Egypt's flu-like infections made worse by Covid-19 pandemic, health minister says

An increase in respiratory syncytial virus worries parents of school pupils

Pupils at Notre Dame School in Cairo. Egyptian authorities urge all schools to be aware of RSV dangers. EPA
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Egypt’s health minister has said that a rising number of flu-like respiratory syncytial virus (RSV) infections is overwhelming the country’s schools, but has reassured the public the illness does not pose a threat to healthy adults and children.

With the coronavirus pandemic at a low ebb in Egypt, other respiratory viruses are surging, he said.

Minister of Health and Population Khaled Abdel Ghaffar was joined by of medical professionals, many of them paediatricians, at a press conference in a Cairo hospital on Monday to address growing public fears about RSV.

Mr Abdel Ghaffar urged parents not to panic as the virus is not new and there are cases recorded every flu season.

“This virus first emerged in 1956, so there are protocols in place, both in Egypt and internationally, to treat it. We urge people not to panic,” the minister said at Monday’s news conference.

Last week, Egypt’s education ministry said it launched preventive measures at schools which included a mask mandate and isolation of students who show flu-like symptoms.

Mr Abdel Ghaffar said on Monday that although cases of RSV are recorded each year, particularly during the autumn and winter months, there is a sharp increase this year, which he said was as an after-effect of the coronavirus pandemic which, he said, made people more susceptible to respiratory illnesses.

A survey by the health ministry this month on a test group of pupils who displayed flu-like symptoms found that 73 per cent of them had RSV, with the remainder suffering from other respiratory illnesses including the coronavirus.

The minister said there is no need to worry as the virus is only serious when it ails children under two years of age and people above the age of 65.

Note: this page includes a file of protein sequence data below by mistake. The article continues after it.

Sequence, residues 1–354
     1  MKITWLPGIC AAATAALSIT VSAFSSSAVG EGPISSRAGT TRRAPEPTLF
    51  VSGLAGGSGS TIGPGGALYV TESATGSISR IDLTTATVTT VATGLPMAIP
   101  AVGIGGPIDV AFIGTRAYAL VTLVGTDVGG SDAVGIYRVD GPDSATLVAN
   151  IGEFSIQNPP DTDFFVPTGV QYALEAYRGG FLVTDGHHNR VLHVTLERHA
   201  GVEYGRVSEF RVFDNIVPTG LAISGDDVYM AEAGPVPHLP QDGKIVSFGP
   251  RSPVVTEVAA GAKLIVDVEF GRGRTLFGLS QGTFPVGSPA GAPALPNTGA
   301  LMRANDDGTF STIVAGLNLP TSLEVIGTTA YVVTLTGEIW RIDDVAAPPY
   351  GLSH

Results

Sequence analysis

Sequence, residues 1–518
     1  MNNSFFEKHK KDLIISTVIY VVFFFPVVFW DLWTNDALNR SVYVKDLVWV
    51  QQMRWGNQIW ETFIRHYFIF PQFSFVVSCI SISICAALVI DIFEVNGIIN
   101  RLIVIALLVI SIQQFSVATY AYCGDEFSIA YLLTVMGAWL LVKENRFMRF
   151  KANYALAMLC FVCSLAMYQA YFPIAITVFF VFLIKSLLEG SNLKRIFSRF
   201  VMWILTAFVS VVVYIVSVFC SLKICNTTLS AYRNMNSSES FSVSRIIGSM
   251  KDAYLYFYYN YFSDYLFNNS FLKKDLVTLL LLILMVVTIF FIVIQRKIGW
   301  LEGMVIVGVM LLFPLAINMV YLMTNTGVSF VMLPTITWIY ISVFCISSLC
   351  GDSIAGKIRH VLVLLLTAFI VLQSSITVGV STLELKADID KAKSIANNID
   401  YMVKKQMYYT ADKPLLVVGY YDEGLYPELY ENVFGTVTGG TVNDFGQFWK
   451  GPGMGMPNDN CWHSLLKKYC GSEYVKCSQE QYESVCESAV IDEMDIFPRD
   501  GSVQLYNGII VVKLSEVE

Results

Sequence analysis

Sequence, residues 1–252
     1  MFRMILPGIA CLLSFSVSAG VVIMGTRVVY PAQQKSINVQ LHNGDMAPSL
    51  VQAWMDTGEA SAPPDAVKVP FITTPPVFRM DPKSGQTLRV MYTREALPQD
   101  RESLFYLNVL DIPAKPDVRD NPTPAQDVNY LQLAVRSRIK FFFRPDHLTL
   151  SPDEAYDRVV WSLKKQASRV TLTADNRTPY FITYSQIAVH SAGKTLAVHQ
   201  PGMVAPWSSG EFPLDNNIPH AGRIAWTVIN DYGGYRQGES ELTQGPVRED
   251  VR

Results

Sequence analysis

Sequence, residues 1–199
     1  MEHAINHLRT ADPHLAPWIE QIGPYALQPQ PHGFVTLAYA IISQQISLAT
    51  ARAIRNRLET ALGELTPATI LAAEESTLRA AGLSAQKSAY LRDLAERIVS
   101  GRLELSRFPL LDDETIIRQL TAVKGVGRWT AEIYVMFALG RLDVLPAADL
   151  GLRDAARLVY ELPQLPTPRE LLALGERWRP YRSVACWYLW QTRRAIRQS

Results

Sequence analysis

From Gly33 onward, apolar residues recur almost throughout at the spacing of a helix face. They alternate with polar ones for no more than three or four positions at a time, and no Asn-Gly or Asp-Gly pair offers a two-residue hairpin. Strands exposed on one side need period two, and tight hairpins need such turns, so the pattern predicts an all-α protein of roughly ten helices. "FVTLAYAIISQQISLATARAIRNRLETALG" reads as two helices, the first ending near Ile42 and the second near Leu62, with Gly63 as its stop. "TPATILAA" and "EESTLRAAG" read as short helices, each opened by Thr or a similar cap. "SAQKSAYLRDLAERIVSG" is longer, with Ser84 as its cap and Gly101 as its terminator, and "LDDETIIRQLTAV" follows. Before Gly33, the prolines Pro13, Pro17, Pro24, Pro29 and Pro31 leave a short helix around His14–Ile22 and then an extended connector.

However, patients of any age should seek medical attention if they suffer from chronic conditions or have compromised immunity, he added.

“There are no medications to cure the virus as of yet and no vaccine either,” Mr Abdel Ghaffar said. “No one has funded research to find a cure for the virus since it was discovered because it is very mild.”

Parents of pupils at state schools nationwide had taken to social media en masse over the past couple of weeks to call for more action on the government’s part to address the illness.

One parent, who runs a Facebook group for lower income mothers, told The National that what perturbed her most was the duration of her child’s bout with RSV.

She said he would recover for a day or two and then succumb to a high fever and coughing fits again.

Mr Abdel Ghaffar advised parents on Monday to keep their children home from school if they display flu symptoms.

The education ministry said last week that it would reschedule examinations for students who missed them because of illness.

On Tuesday, the Hamza bin Abdul Moteleb girls’ school in the Greater Cairo district of Giza issued a notice to its students that they should stay at home if they are sick and will only be allowed to return when they show a doctor’s note that they are not contagious.

A parent of one of the students told The National that out of the 360 students in her daughter’s year, 50 had attended classes in the past week.

A preparatory school in Giza has, since last week, introduced a social distancing measure by having Years 1 to 3 attend classes for three days of the week and Years 3 to 6 come in on a separate three days.

Updated: November 22, 2022, 1:54 PM
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